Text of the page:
Thanks to Buffett's acumen, Berkshire is the exception rather than the rule. Berkshire is a lazy fallback for people who claim dividends don't matter. Use examples of the "many others" you cite if you want your point to be taken seriously.
    Mar 18, 2014. 11:05 AM | 9 Likes Like |Link to Comment
  • Debunking The 'Dividends Don't Add Shareholder Value' Myth [View article]
    Chuck is not saying that companies that do not pay dividends are bad or that dividend paying companies are better than those that do not pay dividends. He is merely saying that dividends are good, and that statement is neither silly nor pointless. It is a simple fact.
    Mar 13, 2014. 04:43 PM | 15 Likes Like |Link to Comment
  • Retail bear emerges on Starbucks earnings call [View news story]
    Just wait until Bezos starts Amazon Cafe, which will deliver your caramel macchiato by drone.
    Jan 24, 2014. 12:56 PM | 7 Likes Like |Link to Comment
  • AMEX to allow reward points for payment [View news story]
    VISA and MasterCard have nothing to do with rewards points. The points are given by the issuing bank (Chase, Bank of America, Citi, etc.).
    Oct 21, 2013. 09:09 AM | Likes Like |Link to Comment
  • Visa And MasterCard Remain Ridiculously Expensive With Unjustified Growth Premiums [View article]
    I've read quite a few of your articles. I can safely say that analysis is your Achilles heel.
    Oct 8, 2013. 11:05 AM | 1 Like Like |Link to Comment
  • Cramer's Kid-Friendly Portfolio Is Very Unfriendly For Your Kids [View article]
    Here are stocks I have in my kids' portfolios:

    AAPL, DIS, JNJ, KO, MCD, PEP, PG, and XOM. Dividends are reinvested.
    Jun 16, 2013. 10:15 PM | Likes Like |Link to Comment
  • Volkswagen (VLKAY.PK) says it will boost its global workforce to 600K to 550K as it keeps a firm foot on the gas in a race to produce more cars than any other automaker. Naturally, the focus will be on adding jobs in China - not Europe where demand is sluggish. [View news story]
    Volkswagen sure manufactures a lot of vehicles with -50K employees.
    Apr 1, 2013. 08:36 AM | 1 Like Like |Link to Comment
  • Why Accomplished Dividend Growth Investors Can Ignore Price Volatility [View article]
    You will always win some and lose some in the market. If you focus on dividend growth stocks, you will likely win a bit more and lose a bit less. I'd take that deal.
    Mar 21, 2013. 04:34 PM | 14 Likes Like |Link to Comment
  • Google's 'Project Glass': An Over-Hyped Hobby [View article]
    Google is the master of the "good enough" product. Google products are usually inferior to their competitors, but Google grabs market share anyway because it gives many of them away for free. Is Google clearly the best at anything it does? iOS is far better than Android. Office is far better than Google Docs. Netflix is far better than YouTube. Facebook is far better than Google+. Amazon keeps far better information than Google (knowing how someone is willing to part with money is more valuable than knowing what he is searching for). Firefox is better than Chrome. Fine, Google Fiber is far better than Comcast or AT&T, but a piece of turd is better than Comcast or AT&T.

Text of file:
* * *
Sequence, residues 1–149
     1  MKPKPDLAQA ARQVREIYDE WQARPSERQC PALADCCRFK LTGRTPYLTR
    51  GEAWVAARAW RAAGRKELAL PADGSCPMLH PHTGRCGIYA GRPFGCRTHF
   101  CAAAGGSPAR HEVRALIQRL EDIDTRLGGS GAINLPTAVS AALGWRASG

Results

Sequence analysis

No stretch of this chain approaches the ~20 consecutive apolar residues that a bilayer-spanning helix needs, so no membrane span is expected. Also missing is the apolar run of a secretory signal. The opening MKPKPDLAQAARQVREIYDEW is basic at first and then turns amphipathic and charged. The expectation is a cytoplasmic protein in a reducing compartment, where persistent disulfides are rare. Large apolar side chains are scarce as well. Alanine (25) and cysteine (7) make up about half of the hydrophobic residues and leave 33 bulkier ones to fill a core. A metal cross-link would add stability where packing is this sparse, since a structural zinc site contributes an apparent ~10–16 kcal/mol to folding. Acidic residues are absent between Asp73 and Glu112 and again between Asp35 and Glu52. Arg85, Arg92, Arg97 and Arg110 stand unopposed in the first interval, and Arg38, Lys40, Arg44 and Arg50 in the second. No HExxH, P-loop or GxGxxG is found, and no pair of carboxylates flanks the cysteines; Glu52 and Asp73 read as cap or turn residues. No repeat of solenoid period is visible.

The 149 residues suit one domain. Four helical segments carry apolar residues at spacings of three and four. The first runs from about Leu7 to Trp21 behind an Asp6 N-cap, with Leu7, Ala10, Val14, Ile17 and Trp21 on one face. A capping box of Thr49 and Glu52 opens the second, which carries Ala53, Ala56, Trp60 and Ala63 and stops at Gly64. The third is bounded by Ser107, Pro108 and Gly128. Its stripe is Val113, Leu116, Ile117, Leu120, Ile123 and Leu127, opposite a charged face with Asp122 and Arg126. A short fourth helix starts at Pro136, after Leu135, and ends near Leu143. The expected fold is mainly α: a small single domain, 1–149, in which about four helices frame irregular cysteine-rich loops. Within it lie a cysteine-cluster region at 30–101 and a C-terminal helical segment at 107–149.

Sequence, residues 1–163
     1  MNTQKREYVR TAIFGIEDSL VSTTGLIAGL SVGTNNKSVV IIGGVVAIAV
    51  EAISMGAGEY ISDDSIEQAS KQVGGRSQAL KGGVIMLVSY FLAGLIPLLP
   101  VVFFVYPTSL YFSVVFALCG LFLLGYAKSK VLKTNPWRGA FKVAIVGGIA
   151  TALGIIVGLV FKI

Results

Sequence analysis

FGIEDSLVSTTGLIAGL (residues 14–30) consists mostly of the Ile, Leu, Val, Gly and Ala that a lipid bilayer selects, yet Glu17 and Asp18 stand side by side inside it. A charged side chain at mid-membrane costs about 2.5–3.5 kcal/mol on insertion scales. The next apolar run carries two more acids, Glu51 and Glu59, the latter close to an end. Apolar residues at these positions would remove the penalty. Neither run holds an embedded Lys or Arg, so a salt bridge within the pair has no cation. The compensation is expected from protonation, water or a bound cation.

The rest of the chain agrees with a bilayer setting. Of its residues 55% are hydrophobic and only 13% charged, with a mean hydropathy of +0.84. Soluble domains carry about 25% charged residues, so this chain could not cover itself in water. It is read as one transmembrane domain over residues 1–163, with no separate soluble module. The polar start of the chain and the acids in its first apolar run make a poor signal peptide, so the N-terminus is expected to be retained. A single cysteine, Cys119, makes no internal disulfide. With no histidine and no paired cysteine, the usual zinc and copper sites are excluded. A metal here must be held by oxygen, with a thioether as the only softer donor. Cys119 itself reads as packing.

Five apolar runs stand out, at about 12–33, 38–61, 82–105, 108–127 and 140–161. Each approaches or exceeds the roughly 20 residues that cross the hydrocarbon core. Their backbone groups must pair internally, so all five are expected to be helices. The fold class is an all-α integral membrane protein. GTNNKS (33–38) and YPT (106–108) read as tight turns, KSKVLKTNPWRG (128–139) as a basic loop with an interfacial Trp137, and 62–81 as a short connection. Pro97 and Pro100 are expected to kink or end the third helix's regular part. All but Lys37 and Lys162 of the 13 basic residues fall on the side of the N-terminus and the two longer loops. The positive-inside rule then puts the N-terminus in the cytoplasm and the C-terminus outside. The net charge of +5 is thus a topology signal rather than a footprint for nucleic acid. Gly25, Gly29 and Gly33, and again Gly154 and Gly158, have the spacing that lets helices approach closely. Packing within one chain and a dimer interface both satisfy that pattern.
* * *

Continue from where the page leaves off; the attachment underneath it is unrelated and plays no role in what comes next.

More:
Google has hit an embarrassing new low with Google Glass. It appears Google is leaving inferior behind and heading straight for useless. With Google Glass' endless potential to 1) put its user in danger from accidents and health problems, and 2) invade everyone else's privacy, Google should finally give up once and for all any pretense that it does no evil.

    I would not be surprised if Google Search is dethroned soon. I prefer Bing, but I'm obviously in the minority. I'm waiting for IBM to use Watson as some kind of consumer search engine that will provide 3-5 answers rather than 100,000,000 links--most of which are useless. When that day comes, Google will collapse faster than Nokia or Blackberry. Until then, Google will continue be the world's other vampire squid.
    Mar 11, 2013. 05:50 PM | 1 Like Like |Link to Comment
  • Dell (DELL) enters into agreement to be acquired by Michael Dell and Silver Lake for $13.65/share, or $24.4B, a 25% premium over the Jan. 11 price before rumors began. (PR[View news story]
    $13.65 is quite a premium to its low of $8.69.

    DELL shareholders are lucky they're getting $13.65. What they should be angry about is DELL spending so much on buybacks. Based on today's sale price, Dell probably could have bought itself once or twice already.
    Feb 5, 2013. 11:25 AM | Likes Like |Link to Comment
  • The House will vote on the unamended Senate bill at 9 PM ET, reports CNN's Dana Bash. Any attempt to alter the bill by adding spending cuts has reportedly been abandoned for now. Update at 9:10: The vote has been pushed back to 11 PM ET. [View news story]

    Note that I said "conservative," not "Democratic" or "Republican." Clinton and Rubin did their part in redistributing wealth from the middle class to the rich. They weren't nearly as good as Reagan or Bush 43, though.
    Jan 1, 2013. 09:43 PM | 1 Like Like |Link to Comment
  • The House will vote on the unamended Senate bill at 9 PM ET, reports CNN's Dana Bash. Any attempt to alter the bill by adding spending cuts has reportedly been abandoned for now. Update at 9:10: The vote has been pushed back to 11 PM ET. [View news story]
    The conservative redistributionists have bent over the American middle class for the last thirty years--taking their money and giving it to the rich in the U.S. and the poor in China.
    Jan 1, 2013. 08:51 PM | 4 Likes Like |Link to Comment